- special circumstances. In some cases, parents divorce during the financial aid award year, but the FAFSA cannot be changed to reflect the divorce. With appropriate court documentation noting the dissolution of the marriage, a student can ask for a special circumstances override that will let them use the income of the custodial parent.

There are other, more narrow circumstances that apply as well. If you don’t know what to ask for, haul as much documentation to your financial aid administrator as possible so that they have as complete a picture of your finances as possible.

Be Polite

The single thing that will do the most good or harm in getting additional aid is how you approach the financial aid office. The best time to approach them is before you need their help, as is the case with virtually all professional networking. Stop by from time to time casually, and say hello. Ask if there are any new scholarships that have been posted. Check in. If you find a scholarship that you’re not eligible for but other students at your school might be, let someone in the office know about it so it can be posted in the office. If you want a real education in financial aid, apply for a work study job in the financial aid office.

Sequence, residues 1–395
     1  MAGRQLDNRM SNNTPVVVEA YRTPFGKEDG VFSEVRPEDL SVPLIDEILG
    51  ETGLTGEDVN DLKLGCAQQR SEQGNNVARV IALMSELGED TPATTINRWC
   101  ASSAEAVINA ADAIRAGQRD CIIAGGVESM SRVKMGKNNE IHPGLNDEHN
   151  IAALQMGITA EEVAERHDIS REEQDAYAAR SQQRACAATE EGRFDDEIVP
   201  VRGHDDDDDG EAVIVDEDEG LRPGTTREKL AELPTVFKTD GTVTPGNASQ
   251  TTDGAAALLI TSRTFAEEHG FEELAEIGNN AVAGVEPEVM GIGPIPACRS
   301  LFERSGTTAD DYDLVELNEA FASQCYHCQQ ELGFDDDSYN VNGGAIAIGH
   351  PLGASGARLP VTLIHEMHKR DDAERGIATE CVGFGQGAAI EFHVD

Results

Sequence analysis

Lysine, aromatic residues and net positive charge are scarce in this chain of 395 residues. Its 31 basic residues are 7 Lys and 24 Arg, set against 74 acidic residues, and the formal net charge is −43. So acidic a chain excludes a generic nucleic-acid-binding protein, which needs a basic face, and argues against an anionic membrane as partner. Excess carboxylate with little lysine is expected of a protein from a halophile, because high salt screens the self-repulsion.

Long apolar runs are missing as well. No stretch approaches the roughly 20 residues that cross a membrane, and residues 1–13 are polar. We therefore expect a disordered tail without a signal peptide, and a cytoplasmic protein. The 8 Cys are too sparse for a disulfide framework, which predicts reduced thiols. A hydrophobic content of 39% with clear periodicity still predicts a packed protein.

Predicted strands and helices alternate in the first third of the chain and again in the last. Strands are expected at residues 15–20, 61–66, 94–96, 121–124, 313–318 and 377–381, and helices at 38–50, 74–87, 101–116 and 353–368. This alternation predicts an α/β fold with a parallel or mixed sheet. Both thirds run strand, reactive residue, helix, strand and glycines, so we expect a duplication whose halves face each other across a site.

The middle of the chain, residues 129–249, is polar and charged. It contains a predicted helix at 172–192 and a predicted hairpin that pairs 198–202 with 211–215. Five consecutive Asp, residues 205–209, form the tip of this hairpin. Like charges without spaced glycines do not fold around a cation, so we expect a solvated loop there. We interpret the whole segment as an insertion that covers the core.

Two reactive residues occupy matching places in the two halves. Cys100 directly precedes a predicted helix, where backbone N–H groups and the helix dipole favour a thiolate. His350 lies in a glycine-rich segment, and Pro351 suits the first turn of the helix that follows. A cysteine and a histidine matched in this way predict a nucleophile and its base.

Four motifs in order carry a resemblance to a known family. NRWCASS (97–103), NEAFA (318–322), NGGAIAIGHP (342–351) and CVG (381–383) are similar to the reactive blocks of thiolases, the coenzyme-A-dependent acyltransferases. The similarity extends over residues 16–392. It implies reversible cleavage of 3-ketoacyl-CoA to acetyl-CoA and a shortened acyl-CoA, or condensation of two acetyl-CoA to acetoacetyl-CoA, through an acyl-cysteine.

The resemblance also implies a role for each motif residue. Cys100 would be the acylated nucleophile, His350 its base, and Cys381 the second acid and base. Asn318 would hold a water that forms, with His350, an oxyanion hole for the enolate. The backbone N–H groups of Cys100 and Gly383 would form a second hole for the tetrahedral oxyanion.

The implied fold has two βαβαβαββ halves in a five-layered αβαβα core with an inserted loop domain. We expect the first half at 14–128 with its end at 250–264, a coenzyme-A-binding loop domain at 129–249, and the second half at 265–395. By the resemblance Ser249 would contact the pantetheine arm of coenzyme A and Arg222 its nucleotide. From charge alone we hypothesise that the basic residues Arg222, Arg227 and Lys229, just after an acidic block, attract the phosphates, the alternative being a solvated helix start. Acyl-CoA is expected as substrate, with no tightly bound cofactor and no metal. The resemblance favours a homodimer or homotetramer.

If you know your parents are, shall we say, less than diplomatic, then try to mediate any discussions with the financial aid office so that overly aggressive or insistent requests don’t harm your chances of getting help.
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Re: How to appeal for more financial aid

Postby BosCelts09 » Mon Apr 06, 2009 10:46 am

Thanks! I was beginning to get really worried.. I'm going to figure everything out and call up the office asap 8)
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Re: How to appeal for more financial aid

Postby karmacleo » Tue Apr 07, 2009 7:57 am

What if your child received 2 great offers from their 2nd and 3rd choice schools (of equal ratings), but 1st choice offered practically nothing? Does first choice expect to negotiate? Should an email/letter be sent to say we are honored to be accepted, but need more help and send comps? We cannot really appeal to need based as we are middle class, but cannot afford for child to graduate with $50,000+ loan or mortgage the house. Child has exceptional grades and SATS.